Deciphering the District Attorney’s Math 

A proposed change to state law adds up to bad news for Tennessee’s public defenders.

Last year, the Shelby County District Attorney'a office touched 153,000 cases. That's more cases than there are people in Bartlett, Germantown, and Collierville combined.

That number is terrifying — and misleading. (More on that later.)

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But it serves to conjure up notions of imminent danger, and I suspect that's why District Attorney Amy Weirich dropped that figure two weeks ago in Nashville, when she pressed a Senate committee to kill the "75 percent" rule.

The 75 percent rule says that whatever public funding the DA's office receives, the public defender must also get three-fourths of that amount.

There's no corollary: If the Shelby County Commission gives the public defender $10,000, Weirich complained, it doesn't have to give the DA a dime.

Weirich argued that each office should seek funding independently. In a just world, that makes sense. But the criminal justice system is weighted toward the prosecution, which has powers public defenders don't. At the prosecutor's service are police and sheriff's departments, and state investigators who collect evidence, and experts ready to give testimony.

The public defenders must rely on the veracity of those reports, prosecutors' integrity, and the investigators and experts it can afford. The 75 percent rule is essential to leveling the playing field and protecting the indigent's constitutional right to effective counsel.

Although the rule has been in effect for decades, it hasn't been enforced. According to a 2011 report by the Tennessee Administrative Office of Courts, public defenders get 60 percent of state funding. Previous attempts to kill the 75 percent rule failed, and the most recent bill was shipped to a summer study committee.

In the meantime, Senator Randy McNally (R-Oak Ridge) has come up with a budget amendment that would gut funding for public defenders.

"If a local government provides a funding increase or supplement to the office of the public defender in the judicial district," the amendment reads, "the appropriation made by the provisions of this act to the local government or District Public Defenders Conference for the office of the public defender in that district is reduced by the amount of the local funding."

In English: If the county commission gave the local public defender's office an additional $100, the state would decrease by $100 the amount of state funding for that public defender's office. This would freeze the public defender's budget, punish indigent clients, and boost the advantage district attorneys already enjoy.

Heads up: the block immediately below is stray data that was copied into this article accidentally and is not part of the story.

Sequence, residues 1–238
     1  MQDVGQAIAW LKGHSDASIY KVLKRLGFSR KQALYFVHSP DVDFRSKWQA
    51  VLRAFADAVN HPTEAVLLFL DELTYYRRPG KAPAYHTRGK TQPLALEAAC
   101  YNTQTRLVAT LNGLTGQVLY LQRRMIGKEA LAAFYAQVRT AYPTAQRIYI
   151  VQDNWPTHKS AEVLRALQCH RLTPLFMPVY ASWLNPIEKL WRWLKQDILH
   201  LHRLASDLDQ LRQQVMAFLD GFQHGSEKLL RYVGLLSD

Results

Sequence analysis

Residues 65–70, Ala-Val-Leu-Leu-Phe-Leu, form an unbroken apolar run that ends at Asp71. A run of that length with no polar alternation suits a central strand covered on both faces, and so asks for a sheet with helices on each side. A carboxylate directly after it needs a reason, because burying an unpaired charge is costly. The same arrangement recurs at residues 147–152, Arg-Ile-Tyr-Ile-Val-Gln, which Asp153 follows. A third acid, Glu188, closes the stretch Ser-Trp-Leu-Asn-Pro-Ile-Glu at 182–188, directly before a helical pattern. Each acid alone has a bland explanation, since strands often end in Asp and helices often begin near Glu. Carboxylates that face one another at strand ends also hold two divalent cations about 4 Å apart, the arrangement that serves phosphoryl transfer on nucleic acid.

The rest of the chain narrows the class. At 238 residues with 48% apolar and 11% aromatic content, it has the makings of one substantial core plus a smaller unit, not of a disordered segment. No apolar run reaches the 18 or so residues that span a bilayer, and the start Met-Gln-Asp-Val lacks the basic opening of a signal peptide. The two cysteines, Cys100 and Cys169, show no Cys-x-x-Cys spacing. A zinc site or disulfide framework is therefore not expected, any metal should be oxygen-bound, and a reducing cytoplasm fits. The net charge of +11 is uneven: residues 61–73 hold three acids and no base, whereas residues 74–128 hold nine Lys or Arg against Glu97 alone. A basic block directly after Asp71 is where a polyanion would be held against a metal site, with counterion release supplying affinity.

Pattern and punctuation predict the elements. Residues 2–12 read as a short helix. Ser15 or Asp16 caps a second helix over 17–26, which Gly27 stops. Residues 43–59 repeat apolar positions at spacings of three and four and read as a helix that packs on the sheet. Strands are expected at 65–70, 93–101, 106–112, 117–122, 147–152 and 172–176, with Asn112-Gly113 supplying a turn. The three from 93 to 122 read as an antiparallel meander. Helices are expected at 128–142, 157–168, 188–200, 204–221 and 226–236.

McNally could not be reached to explain the problem his amendment solves. But the amendment is consistent with conservatives' narrative about the poor, whose deprivation is the result of their own failings. If the poor stand accused of a crime, it's because they're guilty.

To right-wingers, the volumes of evidence showing racial disparities in arrest rates, conviction rates, and sentences are figments of liberals' imaginations.

Another reason to wreck public defenders' offices lies in prison privatization. How do you maintain a steady supply of people to fill Tennessee's for-profit prisons?

The government can make new crimes out of previously legal behavior, manufacture a phony war on drugs, set mandatory minimum sentences, and hyper-police communities of color. Now we have another way: Bankrupt public defenders.

But let's get back to the numbers. According to records, Weirich's office handled 157,576 new cases in 2014. The number of cases doesn't appear to be artificially inflated. For example, a suspect charged in connection with 14 separate robberies would count as a single case.

Of those 157,576 cases, 22 percent were traffic citations, 28 percent were misdemeanor citations, and 43 percent were misdemeanor defendants.

That means around seven percent were felony defendants accused of serious crimes like rape and murder. Suddenly, the numbers aren't so scary.

Add to that the state Supreme Court's recent rebukes of Weirich's office and the reversal of two convictions, including last week's overturned guilty verdict of accused rapist Frederick Herron, and the DA's complaints seem less relevant.

If the legislature eliminates the checks and balances for the indigent accused, that should be a crime.

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